So, despite the fact that there's a new television show in the fall line-up called Stalker, I thought I'd talk about how it'd be fun to be your neighbor. I promise I'm not a crazy person and I won't be sifting through your trash at night or watching your television "with you" through the window in your kitchen. I just want to come sit on your porch with you sometimes and for you to run over for a cup of coffee in between dropping kids off at school and going to the grocery store. Basically, I want a friend who lives across the street.
Can we make this happen?
I know, I know. You love the neighborhood you're in and the kids are at a great school and your husband's close to work and you just finished re-doing the kitchen. BUT, think how great it would be to be NEXT DOOR to a friend.
I keep thinking about the challenge of creating for-real community that lives and breathes with consistent grace and familiarity and easiness and simplicity. I keep wondering how I can make that Acts 2 fellowship jump out of my Bible and into my life. And, honestly, even though I know it's a little far-fetched, my heart just wants people close by, like across the street. Is that so much to ask?
These days, our cars can carry us wherever the heck we want to go and so running over to Trader Joe's for that addictive jar of cookie butter and a couple bottles of their cheap-o wine is no big deal even thought it's 45 minutes away. Our church is 25 minutes from our house. I went to high school 50 minutes from the house I grew up in. And, I just got back from Target where I bought a $10 dollar rug and a pumpkin spice latte and it took me 30 minutes with traffic. Our automobiles make distance no big deal. But, it also means we buy houses far away from each other. Like across town. And, I'm wondering if maybe that's actually a negative by-product of the freedom our cars enable.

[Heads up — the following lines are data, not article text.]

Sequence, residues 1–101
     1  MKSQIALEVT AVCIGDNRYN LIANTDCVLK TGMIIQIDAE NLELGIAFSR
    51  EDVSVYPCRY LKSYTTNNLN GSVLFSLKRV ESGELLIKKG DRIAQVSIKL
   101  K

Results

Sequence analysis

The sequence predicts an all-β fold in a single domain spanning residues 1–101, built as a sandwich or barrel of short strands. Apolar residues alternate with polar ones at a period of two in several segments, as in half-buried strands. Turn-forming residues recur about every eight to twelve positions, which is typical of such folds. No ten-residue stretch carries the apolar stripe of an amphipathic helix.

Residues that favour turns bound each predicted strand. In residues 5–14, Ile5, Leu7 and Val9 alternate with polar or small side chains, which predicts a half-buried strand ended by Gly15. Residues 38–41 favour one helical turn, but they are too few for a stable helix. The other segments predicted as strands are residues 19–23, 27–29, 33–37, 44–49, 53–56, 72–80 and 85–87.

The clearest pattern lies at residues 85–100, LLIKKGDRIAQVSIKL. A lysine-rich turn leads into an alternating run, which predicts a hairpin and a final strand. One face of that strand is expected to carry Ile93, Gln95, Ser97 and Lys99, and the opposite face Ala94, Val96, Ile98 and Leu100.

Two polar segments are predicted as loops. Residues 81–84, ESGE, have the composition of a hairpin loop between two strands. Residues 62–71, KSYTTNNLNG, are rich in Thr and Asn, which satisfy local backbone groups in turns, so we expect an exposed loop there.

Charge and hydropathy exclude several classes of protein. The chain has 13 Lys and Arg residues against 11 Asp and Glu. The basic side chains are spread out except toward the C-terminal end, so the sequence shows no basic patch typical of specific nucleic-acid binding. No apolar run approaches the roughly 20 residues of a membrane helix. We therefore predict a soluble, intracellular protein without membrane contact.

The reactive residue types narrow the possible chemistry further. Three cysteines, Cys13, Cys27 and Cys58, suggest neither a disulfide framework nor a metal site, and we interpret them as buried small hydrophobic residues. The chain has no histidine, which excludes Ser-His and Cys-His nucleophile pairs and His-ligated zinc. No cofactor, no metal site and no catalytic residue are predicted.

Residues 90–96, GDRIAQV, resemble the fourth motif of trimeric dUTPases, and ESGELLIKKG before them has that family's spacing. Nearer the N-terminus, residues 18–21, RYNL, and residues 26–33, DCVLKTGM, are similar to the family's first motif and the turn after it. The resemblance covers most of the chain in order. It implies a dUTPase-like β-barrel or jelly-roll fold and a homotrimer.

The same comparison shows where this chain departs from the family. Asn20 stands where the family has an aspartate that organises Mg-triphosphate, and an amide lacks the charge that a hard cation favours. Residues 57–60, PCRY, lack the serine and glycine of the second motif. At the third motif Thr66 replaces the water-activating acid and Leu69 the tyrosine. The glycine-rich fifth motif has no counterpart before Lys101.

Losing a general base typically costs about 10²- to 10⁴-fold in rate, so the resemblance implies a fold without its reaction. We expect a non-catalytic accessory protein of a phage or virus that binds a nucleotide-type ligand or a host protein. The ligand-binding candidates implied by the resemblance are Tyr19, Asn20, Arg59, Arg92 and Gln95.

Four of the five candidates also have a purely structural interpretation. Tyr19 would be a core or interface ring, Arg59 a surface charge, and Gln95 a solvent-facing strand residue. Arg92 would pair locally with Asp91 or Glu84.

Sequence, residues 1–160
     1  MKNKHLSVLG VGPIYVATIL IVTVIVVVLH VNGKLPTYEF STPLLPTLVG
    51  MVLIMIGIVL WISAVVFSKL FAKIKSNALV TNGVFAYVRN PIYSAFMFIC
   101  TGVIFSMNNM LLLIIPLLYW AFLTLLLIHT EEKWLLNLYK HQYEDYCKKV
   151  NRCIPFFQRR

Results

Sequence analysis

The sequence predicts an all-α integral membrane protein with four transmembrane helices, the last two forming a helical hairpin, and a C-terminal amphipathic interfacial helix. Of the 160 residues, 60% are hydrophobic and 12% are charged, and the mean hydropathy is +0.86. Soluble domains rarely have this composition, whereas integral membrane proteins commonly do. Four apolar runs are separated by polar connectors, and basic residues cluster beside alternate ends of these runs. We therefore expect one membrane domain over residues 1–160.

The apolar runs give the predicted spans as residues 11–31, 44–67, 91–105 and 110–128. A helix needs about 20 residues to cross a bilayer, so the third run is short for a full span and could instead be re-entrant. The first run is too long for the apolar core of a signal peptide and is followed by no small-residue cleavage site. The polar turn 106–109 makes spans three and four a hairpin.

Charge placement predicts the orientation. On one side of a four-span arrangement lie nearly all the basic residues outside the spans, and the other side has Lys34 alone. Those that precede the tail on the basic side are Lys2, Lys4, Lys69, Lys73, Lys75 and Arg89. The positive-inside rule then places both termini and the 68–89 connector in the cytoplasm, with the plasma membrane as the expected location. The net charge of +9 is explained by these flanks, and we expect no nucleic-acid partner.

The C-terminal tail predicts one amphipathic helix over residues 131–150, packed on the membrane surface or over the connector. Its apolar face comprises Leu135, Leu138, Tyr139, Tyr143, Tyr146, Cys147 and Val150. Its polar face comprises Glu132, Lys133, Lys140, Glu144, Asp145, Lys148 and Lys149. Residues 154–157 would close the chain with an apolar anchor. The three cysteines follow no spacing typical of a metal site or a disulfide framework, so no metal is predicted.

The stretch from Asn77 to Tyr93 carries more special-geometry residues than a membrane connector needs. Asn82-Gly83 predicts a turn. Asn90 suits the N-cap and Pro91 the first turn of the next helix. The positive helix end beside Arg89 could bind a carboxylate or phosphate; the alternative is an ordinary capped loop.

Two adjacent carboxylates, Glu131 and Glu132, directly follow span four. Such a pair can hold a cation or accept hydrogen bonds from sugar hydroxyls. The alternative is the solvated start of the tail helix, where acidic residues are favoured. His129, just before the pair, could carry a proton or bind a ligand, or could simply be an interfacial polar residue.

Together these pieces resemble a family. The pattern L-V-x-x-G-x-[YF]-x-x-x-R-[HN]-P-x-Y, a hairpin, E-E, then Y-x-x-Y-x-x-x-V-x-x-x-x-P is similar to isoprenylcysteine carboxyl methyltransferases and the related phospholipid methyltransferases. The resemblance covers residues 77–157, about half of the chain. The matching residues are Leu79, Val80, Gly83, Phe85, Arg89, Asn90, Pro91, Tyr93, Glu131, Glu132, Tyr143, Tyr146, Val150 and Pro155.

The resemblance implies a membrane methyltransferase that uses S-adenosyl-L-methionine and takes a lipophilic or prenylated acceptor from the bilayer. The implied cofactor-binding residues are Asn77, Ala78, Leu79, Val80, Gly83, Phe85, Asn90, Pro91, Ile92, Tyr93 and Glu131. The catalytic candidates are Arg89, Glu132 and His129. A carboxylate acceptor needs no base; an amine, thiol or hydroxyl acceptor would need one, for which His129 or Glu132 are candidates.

Maybe, instead, we should live next door to each other. Get all up in each others' lives. Raise our kids together and then see them have lifelong friendships and maybe even marry each other if we're really lucky. I'm starting to wonder if being able to travel so far so quickly only makes us more likely to keep our distance from each other.
So, here's what I'm thinking. I'm going to pray that God moves you or me into the other one's neighborhood. Are you re-thinking your assessment of my sanity right now? Does this prayer make you a teensy bit nervous? Did you just peek out your window to make sure I'm not standing outside?
But, seriously. I just had the thought today that God could do that. He could make it possible for friends to live in neighborhoods together. And He could also make it possible that the neighbors we have right now could become our friends. I'll be honest, though, and tell you that the middle-aged, single man across the street and I are not destined to be baking cookies together any time soon. But, still, there's a lot of possibility in the neighborhoods we're living in right now for real community.
So, I'm proposing that we start asking God for the community that we're longing for. Praying that the folks who already live across the street become real friends to us. Praying that God moves friends into our neighborhood or us into theirs somehow. Praying ourselves into that Acts 2 community that seems so out of reach right now.
I'm not advocating communes, I'm just thinking proximity could help us create the community we want. Proximity would make it possible to have those late evening conversations on the porch and unplanned, unscheduled quality time. And that spontaneous, unexpected time is usually when friendships go deep.
James 1:17 says that "[e]very good gift and every perfect gift is from above, coming down from the Father of lights with whom there is no variation or shadow due to change."
God gives good gifts. Community is a good gift. Let's ask Him for it.
(While we're on the subject, there's a house on my street for sale. Pray about it.)